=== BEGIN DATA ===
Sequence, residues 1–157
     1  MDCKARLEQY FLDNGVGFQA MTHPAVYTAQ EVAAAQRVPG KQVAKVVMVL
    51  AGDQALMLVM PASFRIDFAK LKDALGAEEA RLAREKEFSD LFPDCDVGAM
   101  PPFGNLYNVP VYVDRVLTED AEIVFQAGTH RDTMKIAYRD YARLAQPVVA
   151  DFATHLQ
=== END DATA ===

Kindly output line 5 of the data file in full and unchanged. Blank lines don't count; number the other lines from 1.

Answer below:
   151  DFATHLQ